With the visor in the Team’s possession at STAR Labs, Wells spills Cisco’s secret. And that was pretty anticlimactic. While Cisco sort of expected the rest of the Team to shun him for his powers, Barry, Caitlin, and the rest don’t even give Cisco a “huh, okay.” Cisco tries to use his powers to find Doctor Light, but just shows how little control he has over his new abilities. Wells figures out how to get Cisco’s powers turned on, and Cisco finds Light attempting to leave Central City.
Now, Cisco gets a nickname.
Barry confronts and catches Doctor Light–with no help from Jay, who’s out of ideas–by listening to Wells, who tells Barry to use the speed image ability that Earth-1 Wells used to trick the Team last season. Except… that wasn’t Wells last season. That was the Reverse Flash. Anyhow, the point is that any of these speed abilities can be used for good or for ill. It’s a person’s choices that determine which side of their personality wins out in the end. The darkness or the light.
-I like this version of Wells. Last season, he was demanding but gentle on the outside, but full of nougaty hatred on the inside. This Wells is gruff and doesn’t care about these people’s feelings. His daughter is in danger! Plus, he gets points for calling Cisco “Crisco,” which I have typed more times that I care to admit when working on these reviews.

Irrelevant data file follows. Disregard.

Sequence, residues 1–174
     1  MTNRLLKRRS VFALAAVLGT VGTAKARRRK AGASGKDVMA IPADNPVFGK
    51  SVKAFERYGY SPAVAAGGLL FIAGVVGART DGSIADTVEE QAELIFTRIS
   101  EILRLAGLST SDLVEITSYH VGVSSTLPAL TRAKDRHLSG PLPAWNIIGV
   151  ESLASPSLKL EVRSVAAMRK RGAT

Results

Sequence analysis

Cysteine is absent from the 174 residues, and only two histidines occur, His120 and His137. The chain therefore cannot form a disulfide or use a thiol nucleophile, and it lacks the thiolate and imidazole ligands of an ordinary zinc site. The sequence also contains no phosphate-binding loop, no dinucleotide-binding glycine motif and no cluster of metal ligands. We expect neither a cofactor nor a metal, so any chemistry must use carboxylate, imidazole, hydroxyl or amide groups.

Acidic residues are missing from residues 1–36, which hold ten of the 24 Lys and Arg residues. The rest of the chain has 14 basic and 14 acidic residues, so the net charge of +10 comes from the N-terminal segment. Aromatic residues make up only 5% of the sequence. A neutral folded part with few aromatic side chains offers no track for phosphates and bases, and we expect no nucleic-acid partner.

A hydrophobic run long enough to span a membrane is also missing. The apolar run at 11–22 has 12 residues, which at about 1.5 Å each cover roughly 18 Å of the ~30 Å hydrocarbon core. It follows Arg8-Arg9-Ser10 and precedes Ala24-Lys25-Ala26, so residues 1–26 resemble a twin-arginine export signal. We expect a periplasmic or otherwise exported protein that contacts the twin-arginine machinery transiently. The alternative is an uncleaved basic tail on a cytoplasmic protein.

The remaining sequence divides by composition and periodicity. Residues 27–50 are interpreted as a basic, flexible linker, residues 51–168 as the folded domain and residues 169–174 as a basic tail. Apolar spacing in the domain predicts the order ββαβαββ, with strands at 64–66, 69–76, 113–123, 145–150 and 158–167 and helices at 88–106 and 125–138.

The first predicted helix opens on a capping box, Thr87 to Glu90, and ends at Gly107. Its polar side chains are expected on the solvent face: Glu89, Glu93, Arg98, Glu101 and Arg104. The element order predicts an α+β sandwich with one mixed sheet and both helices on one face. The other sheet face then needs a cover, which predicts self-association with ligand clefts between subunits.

-Most awkward scene of the night? Cisco getting shot down by Hawkgirl? Cisco playing wingman on Barry’s blind date? Or Barry investigating the crime scene at the newspaper office, where he has to interact with his first love, the woman he dated last season to try and get past his feelings for Iris, and his new gal?
-The writers get points for deftly handling Kendra Hawkgirl’s introduction, but lose points for the Wild Wild Wests this episode. Joe and Iris aren’t gunslingers. Joe is a cop, not a murderer, and Iris can’t shoot the helmet off a woman’s head. Because I liked most of the rest of the episode, I’m willing to call this a tie and say both the writers and the viewer walk away with a win this week.